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Botulinum Toxin in Men: Review of Relevant Anatomy and Clinical Trial Data


  • The authors have indicated no significant interest with commercial supporters.

Address correspondence and reprint requests to: Tina Alster, MD, Washington Institute of Dermatologic Laser Surgery, 1430 K Street, NW Suite 200, Washington, District of Columbia 20005, or e-mail:



Botulinum toxin is widely used for facial aesthetics, and its use in men continues to increase.


To provide a review of pertinent male anatomic features and updated clinical information on the use of botulinum toxin in men.


A Medline search was performed for publications on sex differences in facial anatomy and on clinical studies examining the role of sex in botulinum toxin treatment.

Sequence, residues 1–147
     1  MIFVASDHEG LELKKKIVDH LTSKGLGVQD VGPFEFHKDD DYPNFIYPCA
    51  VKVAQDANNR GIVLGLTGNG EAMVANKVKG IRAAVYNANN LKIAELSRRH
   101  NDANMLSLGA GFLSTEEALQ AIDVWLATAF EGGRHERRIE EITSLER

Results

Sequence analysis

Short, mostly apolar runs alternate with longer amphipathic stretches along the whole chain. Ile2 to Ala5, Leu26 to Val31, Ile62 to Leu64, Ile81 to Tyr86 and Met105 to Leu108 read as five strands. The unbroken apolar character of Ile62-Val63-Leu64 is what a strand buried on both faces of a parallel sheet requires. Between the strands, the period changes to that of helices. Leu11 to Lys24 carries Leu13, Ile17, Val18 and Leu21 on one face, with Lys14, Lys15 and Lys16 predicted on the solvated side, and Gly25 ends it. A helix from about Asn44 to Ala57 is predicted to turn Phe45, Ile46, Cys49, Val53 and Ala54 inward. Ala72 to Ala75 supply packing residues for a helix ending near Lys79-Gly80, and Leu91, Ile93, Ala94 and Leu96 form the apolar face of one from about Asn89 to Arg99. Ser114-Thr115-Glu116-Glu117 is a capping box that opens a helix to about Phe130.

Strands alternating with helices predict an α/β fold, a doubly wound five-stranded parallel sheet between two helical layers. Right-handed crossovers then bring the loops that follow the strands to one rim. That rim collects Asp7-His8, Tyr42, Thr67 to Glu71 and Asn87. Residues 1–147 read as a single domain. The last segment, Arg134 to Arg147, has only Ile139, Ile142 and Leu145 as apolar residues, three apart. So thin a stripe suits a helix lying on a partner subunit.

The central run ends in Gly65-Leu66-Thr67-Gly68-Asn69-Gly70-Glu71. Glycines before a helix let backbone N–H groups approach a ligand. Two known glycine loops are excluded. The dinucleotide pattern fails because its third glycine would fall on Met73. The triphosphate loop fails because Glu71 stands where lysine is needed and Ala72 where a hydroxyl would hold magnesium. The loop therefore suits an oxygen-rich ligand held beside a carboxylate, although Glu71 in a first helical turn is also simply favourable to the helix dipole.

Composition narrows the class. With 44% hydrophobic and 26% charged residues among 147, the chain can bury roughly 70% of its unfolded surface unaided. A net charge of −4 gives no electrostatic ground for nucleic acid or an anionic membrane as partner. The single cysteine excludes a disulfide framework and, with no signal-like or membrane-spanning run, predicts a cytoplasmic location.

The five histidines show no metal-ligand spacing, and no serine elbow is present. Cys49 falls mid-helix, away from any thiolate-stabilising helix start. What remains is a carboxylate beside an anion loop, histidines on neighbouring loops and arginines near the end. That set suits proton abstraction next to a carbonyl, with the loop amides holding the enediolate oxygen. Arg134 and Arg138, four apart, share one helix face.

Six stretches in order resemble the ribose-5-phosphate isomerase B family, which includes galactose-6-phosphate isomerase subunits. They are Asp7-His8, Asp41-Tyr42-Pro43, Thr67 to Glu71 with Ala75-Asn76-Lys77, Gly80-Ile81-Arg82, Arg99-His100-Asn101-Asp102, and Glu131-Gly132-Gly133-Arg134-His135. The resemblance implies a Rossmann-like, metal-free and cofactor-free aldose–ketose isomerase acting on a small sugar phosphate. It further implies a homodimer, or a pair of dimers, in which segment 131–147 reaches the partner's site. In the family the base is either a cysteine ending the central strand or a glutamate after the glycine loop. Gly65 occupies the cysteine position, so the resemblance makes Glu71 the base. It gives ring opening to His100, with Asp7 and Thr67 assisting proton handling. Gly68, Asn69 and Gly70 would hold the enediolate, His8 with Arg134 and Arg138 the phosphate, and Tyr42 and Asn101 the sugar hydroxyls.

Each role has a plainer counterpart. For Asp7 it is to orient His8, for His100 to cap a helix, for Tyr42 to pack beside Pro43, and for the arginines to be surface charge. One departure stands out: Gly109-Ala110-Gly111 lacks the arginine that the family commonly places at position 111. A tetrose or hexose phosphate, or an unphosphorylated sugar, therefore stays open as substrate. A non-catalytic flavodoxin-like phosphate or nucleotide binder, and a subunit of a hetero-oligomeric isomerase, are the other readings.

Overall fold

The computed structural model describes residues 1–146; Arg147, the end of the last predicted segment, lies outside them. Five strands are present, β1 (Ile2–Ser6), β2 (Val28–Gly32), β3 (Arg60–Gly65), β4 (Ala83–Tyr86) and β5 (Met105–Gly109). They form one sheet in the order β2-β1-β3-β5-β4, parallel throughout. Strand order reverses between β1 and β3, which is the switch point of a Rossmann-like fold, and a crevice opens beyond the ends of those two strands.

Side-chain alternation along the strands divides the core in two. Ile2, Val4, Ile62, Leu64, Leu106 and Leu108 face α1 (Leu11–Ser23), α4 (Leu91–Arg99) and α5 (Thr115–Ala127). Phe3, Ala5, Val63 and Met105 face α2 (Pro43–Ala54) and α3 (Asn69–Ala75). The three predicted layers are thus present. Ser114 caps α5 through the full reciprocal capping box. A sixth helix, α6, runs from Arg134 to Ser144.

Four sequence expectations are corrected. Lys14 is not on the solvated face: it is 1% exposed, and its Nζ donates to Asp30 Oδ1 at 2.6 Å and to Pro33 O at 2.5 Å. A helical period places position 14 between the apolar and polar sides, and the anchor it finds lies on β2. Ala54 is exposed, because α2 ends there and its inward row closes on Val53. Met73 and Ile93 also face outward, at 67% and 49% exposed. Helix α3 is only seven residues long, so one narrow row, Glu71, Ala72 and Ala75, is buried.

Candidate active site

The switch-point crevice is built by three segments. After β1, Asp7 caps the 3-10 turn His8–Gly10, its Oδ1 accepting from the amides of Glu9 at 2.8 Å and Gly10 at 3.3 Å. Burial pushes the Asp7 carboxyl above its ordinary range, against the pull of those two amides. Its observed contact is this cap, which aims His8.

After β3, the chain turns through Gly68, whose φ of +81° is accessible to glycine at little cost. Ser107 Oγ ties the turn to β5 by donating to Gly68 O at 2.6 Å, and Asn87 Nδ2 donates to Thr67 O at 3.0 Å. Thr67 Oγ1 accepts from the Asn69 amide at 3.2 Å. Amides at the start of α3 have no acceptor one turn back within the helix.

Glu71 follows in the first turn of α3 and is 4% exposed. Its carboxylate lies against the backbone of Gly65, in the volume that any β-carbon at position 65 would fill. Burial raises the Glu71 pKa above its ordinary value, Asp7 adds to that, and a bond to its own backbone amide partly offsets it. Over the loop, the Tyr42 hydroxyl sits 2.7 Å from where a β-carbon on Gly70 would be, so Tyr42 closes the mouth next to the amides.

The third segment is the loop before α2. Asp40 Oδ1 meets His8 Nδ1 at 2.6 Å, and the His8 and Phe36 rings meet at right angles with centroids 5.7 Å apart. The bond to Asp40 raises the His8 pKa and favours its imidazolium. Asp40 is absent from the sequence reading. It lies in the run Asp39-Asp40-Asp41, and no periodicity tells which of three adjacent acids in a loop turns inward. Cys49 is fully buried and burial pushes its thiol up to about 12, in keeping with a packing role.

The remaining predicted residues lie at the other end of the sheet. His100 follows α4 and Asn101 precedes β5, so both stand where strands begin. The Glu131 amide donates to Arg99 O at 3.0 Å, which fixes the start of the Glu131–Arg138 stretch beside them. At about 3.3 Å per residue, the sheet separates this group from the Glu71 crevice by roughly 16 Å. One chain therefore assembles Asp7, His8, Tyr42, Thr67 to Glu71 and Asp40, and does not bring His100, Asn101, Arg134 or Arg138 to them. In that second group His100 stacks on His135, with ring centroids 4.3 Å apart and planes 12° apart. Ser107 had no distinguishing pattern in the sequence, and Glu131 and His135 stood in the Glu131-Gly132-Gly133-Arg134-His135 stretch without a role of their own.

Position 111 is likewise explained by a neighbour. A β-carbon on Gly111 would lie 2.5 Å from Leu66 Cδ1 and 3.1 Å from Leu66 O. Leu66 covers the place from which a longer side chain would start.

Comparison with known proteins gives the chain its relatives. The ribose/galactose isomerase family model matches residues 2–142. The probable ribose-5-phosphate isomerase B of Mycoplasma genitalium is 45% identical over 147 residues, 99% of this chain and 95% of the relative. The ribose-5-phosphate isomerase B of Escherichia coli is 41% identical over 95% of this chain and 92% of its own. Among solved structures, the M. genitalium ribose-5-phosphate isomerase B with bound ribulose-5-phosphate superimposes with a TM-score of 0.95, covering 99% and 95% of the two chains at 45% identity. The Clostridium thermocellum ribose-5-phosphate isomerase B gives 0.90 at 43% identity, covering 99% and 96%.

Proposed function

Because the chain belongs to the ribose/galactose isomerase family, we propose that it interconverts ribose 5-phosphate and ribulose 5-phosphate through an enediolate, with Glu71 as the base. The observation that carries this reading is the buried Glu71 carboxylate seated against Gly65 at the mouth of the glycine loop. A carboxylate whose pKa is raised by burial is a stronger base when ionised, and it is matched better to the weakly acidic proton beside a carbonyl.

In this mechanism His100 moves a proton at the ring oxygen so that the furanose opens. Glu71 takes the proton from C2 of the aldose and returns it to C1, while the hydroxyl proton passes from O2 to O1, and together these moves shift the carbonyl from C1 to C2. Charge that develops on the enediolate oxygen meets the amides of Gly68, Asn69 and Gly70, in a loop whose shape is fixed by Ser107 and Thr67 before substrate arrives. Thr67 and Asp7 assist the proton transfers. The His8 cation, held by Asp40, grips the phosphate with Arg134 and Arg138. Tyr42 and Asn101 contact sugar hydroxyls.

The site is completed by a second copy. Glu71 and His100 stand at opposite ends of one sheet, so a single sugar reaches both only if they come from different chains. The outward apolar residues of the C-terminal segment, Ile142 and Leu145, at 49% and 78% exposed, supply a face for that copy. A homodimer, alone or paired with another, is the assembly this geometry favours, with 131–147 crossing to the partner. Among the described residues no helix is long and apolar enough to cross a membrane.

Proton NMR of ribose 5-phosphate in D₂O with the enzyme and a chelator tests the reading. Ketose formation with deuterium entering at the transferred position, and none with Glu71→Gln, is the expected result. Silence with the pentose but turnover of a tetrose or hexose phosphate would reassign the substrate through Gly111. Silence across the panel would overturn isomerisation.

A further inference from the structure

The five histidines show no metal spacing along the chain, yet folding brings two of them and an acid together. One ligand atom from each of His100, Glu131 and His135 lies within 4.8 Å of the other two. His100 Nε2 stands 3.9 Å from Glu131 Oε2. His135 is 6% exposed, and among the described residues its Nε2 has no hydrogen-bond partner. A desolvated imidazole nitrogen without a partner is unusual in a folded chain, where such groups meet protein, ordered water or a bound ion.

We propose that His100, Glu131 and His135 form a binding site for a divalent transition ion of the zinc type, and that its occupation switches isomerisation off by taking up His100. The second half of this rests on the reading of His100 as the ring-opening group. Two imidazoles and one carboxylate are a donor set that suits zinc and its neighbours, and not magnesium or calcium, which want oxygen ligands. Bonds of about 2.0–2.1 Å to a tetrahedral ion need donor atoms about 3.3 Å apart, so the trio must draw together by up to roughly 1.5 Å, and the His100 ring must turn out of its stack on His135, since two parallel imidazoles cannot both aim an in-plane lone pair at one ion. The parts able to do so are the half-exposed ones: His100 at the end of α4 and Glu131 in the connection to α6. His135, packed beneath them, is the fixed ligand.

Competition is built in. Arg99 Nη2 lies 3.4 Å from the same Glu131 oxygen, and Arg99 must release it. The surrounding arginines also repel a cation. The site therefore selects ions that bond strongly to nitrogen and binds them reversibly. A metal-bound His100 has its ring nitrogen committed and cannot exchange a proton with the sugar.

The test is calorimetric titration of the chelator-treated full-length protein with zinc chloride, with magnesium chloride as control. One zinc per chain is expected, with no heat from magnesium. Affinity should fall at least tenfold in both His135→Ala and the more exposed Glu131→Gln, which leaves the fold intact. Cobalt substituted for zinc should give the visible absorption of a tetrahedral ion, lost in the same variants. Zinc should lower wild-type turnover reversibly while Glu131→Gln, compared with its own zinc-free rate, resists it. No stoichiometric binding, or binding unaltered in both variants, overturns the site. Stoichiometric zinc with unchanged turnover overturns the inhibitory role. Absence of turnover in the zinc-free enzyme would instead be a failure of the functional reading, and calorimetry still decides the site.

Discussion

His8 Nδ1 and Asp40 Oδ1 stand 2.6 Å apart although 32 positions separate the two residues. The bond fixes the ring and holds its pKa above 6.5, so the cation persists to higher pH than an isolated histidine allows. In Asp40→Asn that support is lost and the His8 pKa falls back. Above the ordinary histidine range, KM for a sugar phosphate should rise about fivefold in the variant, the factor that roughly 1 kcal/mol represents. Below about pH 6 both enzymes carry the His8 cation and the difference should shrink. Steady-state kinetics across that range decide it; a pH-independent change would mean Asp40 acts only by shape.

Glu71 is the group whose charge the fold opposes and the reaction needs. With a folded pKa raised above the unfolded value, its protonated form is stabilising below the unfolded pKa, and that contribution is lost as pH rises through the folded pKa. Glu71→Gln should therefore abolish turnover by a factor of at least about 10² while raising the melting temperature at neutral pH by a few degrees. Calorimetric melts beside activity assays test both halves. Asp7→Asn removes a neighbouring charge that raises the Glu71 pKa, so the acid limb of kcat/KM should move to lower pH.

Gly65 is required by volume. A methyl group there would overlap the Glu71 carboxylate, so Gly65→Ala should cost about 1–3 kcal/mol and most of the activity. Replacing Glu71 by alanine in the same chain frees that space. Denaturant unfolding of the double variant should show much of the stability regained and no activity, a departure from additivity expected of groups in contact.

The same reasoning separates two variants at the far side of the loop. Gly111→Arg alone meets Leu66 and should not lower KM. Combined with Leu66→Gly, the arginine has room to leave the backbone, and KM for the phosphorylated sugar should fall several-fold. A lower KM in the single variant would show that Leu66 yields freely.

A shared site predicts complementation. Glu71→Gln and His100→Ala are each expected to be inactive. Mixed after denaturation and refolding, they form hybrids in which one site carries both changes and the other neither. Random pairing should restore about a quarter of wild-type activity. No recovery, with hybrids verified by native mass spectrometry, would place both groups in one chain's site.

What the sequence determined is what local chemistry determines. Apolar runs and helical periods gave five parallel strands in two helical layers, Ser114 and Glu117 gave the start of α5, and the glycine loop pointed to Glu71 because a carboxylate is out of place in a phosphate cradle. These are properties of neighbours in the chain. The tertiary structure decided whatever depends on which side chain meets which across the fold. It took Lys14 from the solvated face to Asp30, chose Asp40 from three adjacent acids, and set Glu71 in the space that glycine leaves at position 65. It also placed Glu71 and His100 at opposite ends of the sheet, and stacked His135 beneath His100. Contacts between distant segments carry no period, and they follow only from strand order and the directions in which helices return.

There are substantial facial anatomic differences between the sexes, with men having increased cranial size, unique cranial shape, greater skeletal muscle mass, higher density of facial blood vessels, and more-severe facial rhytides. A review of sex and botulinum toxin treatment identified 17 clinical studies with 5,646 total participants, of whom 629 (11.1%) were male. Only two studies accounted for sex in study design or subgroup analysis. Both studies found abobotulinumtoxinA to be less effective in men. An additional study examining onabotulinumtoxinA dosing in men found that higher doses than typically used in women were more efficacious. There were not more adverse events in male participants in any study.


Despite sex differences in facial anatomy, the use of botulinum toxin in men is inadequately studied with regard to dosing, efficacy, and safety.

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